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Cornell University

Interview Preparation

The interview is the stage in the job-search process where hiring decisions are actually made. An employer chooses an interview style and format to test the job candidate’s skills, personal qualities, and alignment with the job responsibilities and company culture. Learn as much as you can about an upcoming interview so you can feel confident and prepared. This includes the format of the interview (e.g., traditional, behavioral, case, stress, coding, etc.); and the mode in which it will be conducted (phone, virtual, face-to-face, panel, group, etc.). Preparing for the different formats and modes requires a good deal of advance work. Use the Interviews Module in the Canvas Career Development Toolkit, and other resources to prepare.

Interview Success

Your goal during interviews is to use the knowledge you have gained about yourself and the organization to convince the interviewer that your qualifications match the employer's needs. To do this, you must prepare, practice, perform, and follow up.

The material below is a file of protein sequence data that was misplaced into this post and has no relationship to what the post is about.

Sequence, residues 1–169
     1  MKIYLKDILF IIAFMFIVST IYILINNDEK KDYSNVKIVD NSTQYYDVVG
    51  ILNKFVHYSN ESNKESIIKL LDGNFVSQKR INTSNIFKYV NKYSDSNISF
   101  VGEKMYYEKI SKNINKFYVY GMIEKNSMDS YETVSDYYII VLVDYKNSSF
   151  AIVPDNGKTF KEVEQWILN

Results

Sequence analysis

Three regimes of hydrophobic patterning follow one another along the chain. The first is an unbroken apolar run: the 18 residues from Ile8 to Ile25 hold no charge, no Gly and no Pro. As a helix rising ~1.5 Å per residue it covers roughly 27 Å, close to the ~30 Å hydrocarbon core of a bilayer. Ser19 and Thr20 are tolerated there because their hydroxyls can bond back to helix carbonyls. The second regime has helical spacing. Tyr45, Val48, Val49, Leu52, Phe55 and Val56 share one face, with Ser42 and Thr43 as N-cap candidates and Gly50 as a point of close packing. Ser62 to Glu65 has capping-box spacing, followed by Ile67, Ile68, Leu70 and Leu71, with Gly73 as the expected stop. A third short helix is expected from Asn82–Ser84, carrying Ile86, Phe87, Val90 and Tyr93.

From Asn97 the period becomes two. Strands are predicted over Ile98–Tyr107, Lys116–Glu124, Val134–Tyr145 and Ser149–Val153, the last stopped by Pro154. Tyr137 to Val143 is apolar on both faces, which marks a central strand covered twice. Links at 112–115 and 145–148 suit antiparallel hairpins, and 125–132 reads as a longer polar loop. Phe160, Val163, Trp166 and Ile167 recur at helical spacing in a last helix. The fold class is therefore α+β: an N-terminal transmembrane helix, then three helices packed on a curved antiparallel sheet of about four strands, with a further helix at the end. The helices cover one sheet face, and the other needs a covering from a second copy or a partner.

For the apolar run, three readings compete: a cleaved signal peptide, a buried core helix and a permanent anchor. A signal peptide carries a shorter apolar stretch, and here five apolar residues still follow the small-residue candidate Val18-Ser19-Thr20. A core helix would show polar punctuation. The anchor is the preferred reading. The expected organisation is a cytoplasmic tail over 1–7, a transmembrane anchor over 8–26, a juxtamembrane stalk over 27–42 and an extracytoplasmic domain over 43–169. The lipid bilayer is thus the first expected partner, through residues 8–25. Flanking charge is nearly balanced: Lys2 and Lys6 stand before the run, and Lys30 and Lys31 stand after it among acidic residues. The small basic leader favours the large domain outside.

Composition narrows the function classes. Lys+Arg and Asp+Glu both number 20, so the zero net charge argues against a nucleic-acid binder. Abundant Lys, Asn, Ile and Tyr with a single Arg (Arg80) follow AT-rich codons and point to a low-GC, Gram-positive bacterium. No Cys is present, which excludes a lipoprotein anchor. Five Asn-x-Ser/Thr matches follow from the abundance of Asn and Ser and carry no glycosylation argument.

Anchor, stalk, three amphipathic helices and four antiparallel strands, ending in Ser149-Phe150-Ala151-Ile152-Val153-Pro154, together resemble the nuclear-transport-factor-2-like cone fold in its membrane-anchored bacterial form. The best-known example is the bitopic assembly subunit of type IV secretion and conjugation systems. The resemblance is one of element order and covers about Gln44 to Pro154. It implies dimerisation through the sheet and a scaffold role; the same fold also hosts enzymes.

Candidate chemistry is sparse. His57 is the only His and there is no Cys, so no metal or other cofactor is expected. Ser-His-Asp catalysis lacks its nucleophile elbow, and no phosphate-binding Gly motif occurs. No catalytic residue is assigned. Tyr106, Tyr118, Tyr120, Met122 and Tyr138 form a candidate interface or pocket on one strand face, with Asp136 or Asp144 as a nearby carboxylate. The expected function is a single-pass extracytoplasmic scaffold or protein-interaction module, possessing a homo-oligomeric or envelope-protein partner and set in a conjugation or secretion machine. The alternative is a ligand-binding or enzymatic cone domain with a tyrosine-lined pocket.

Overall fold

Prepare. Research the position and the organization to identify connections between you and the position. Carefully review the job description, and be prepared to connect your past experiences to the new job's responsibilities during the inter­view. Create a list of questions to ask the interviewer, covering a broad range of topics of interest to you—the company's goals for the future, your supervisor's management style, how they fare against competitors in the market, and opportunities for career growth.

Practice. Use the Interviewing module in the Career Development Toolkit for tips on how to prepare. You can practice on your own with online tools or simply recording yourself and watching it back. You can also schedule a practice interview with a Career Services staff member.

Reflect. Take time to think about your performance immediately after leaving each interview. This will help you learn from your interview experiences, even when they don't go as well as you had hoped, so that you can do better next time. If you're feeling unsure about how things went, meet with a career advisor to discuss difficult questions or issues about the interview.

Follow Up. After each interview, write a short and timely note of appreciation to the interviewer. This will demonstrate professionalism and give you an opportunity to make another positive impression. It is fine to do this via email, since sometimes decisions are made more quickly than postal mail can arrive.